Friday, December 31, 2010


"Old Bicycle Bill"

"Old Sam"

I did not want the day or year to end without a ride, so I took Old Sam out for about 11 miles today, then put a couple more on the grocery bike to close out the year. Except for a stiff wind out of the north, it was a perfect day to ride, sunny and about 60 degrees. Old Sam is the bike that I started my serious riding on and I'm very comfortable riding this bike. I took the big chainring off the front so it just has six gears, but that's more than enough for riding around town.

We (Old Sam and I) rode much of my usual exercise route in town. I mentioned the north wind, and had to take a couple of pictures of Old Glory painting that northerly breeze.

I don't usually ride down Red Oak street, but I'm glad I did today. The street is obviously aptley named, and is a real picture of how autumn has passed and winter is upon us. Texas weather changes daily, and as nice and warm as it was today, it will be in the 30's tonight and the 20's tomorrow night.

"The Grocery Bike"
I put a couple of miles on this bike today, and this picture shows what it is best for; that is, bringing home the bacon, or in this case, the pizza! That's my New Years Eve dinner!

I put about 2900 miles on the bikes this year, and while I hope to ride more next year, it is not a New Year's Resolution. I resolved to ride as much as I can a couple of years ago, and have pretty much stayed with it. I actually was hoping to make about 3500 this year, I guess the heart attack in June set me back a mile or two.

So what about 2011? Well I don't know what the future holds. It doesn't really matter, as long as we know who holds the future, and I do. I hope I'm still here updating my blog at this time next year, but if I'm not, the world will go on, and I'm really okay with that. That's the main thing I learned about myself while I was lying on that hospital table this year. As hard as it might be to understand, the heart attack was a positive thing because of what I learned from it.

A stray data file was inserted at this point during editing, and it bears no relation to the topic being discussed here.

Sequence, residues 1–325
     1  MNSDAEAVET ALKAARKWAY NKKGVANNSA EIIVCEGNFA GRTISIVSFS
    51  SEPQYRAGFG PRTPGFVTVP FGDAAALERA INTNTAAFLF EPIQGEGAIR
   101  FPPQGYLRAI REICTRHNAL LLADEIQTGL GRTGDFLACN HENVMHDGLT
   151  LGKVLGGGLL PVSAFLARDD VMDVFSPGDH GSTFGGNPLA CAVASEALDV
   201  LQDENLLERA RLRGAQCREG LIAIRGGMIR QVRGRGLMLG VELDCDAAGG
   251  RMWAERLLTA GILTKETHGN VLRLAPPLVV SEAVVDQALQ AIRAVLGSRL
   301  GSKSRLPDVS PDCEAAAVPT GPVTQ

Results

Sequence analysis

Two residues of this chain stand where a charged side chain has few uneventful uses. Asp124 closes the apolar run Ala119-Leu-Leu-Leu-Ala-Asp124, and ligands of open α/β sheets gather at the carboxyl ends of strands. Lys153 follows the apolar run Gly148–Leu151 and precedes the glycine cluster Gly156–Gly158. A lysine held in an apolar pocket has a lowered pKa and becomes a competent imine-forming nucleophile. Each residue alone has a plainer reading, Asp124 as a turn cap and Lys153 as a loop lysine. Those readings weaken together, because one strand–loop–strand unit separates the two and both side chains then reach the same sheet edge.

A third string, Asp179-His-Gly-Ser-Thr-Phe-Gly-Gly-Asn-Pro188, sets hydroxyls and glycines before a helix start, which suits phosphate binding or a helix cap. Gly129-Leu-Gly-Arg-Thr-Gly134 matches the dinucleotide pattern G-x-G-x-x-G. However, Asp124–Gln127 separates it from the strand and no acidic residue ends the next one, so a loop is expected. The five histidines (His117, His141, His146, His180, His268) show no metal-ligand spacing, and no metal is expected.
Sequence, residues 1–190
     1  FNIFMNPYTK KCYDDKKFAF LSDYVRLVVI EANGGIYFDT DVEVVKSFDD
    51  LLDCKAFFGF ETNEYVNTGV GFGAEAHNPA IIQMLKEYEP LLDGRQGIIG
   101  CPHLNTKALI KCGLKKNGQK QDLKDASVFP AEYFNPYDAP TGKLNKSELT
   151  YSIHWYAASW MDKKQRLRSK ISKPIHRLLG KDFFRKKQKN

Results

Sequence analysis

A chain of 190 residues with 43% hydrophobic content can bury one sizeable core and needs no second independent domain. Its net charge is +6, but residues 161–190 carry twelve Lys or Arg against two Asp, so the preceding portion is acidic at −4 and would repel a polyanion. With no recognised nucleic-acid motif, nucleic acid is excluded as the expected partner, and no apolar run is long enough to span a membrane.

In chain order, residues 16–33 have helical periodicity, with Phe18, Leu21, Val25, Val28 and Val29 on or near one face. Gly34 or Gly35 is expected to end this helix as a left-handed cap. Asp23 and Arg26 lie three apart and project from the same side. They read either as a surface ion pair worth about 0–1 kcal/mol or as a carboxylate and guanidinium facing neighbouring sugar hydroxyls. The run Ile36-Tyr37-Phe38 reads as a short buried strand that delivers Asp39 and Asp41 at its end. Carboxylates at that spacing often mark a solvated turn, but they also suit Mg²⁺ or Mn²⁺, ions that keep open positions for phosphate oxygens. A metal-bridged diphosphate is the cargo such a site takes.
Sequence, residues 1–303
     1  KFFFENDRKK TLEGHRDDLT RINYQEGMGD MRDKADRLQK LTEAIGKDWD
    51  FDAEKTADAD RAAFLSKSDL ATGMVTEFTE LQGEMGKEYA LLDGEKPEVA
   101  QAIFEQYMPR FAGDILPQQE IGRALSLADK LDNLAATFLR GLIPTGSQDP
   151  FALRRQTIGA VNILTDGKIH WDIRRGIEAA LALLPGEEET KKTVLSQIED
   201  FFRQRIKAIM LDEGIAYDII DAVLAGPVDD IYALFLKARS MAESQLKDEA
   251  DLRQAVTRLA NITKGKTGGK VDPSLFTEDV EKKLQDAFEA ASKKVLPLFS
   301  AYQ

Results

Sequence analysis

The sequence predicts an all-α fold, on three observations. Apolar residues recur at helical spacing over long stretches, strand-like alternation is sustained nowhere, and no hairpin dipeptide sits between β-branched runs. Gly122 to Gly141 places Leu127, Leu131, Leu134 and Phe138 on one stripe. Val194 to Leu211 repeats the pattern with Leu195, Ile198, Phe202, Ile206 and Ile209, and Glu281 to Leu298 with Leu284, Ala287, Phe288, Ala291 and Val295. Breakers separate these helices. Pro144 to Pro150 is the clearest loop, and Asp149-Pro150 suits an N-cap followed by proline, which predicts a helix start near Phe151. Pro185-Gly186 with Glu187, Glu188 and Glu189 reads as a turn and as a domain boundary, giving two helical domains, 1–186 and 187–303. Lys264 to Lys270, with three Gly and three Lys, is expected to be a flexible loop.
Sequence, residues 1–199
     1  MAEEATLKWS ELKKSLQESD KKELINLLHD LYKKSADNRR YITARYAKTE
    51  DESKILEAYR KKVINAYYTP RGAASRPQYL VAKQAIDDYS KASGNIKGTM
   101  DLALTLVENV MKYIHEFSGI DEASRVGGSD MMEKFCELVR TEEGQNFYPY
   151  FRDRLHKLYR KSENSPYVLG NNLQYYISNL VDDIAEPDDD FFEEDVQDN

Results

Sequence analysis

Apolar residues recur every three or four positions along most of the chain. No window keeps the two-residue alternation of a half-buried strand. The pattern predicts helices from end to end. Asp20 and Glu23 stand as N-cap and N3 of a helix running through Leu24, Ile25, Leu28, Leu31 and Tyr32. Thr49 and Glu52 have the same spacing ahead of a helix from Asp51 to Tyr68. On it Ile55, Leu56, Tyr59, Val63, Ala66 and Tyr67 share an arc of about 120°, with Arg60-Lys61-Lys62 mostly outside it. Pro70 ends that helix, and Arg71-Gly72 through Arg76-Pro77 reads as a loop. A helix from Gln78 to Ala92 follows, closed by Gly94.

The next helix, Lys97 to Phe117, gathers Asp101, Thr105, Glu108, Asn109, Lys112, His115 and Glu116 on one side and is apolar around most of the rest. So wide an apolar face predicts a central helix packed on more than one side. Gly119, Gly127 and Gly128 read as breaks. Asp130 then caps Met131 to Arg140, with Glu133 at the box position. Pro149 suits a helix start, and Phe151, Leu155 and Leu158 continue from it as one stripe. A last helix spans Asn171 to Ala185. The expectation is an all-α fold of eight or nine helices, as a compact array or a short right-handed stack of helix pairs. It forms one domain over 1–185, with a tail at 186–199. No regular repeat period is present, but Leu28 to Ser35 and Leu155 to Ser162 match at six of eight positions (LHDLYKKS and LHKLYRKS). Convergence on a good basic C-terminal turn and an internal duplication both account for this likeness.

God bless you and yours for a prosperous new year.

"His eye is on the sparrow, and I KNOW he watches me."

Thursday, November 18, 2010

Bike at Work

One of the "issues" some potential bike commuters use for not being bike commuters is where to secure the bike at work. If you look at some of the bike commuter web sites and commuter specific blogs , you'll find lots of ideas and creative ways to manage this potential problem. I am fortunate to have access to a nice storage room, so the bike is out of the weather, waiting patiently for the end of the workday. My commuter bike, Kato and I look forward to the short ride home every day. If you've never tried bike commuting, give it a shot. You'll be more alert when you get to work, and have something to look forward to at the when the whistle blows!

Saturday, November 13, 2010

Freedom to Ride a Bike

Today was a beautiful, sunny day with a sometimes brisk north wind, and I could think of nothing better to do than pull out Old Sam and go for a bike ride. Old Sam is the 1983 Trek 510 that is smooth, basic transportation. The all steel frame seems to absorb the bumps in the road better than any of my other bikes. I took the big ring off the front so it just has seven gears, but that is just right for rambling around Ennis.

I had no plans for this ride other than to just enjoy it. It was not long before I realized the Veterans’ Day flags that the Rotary Club puts up all over town were still out, and I took several shots of Old Glory painting the breeze. It turned into a 15 mile ride, and seeing all the flags and thinking of Veterans Day made me think fondly of my favorite veteran.

Thanks again, Dad.

Wednesday, November 10, 2010

The Cargo Bike from Masden Cycles

Madsen Cycles Cargo Bikes

Well I have four bikes in the stable right now, this sure would make a GREAT fifth!

Saturday, October 30, 2010

Saturday Coffee, Breakfast, and More Coffee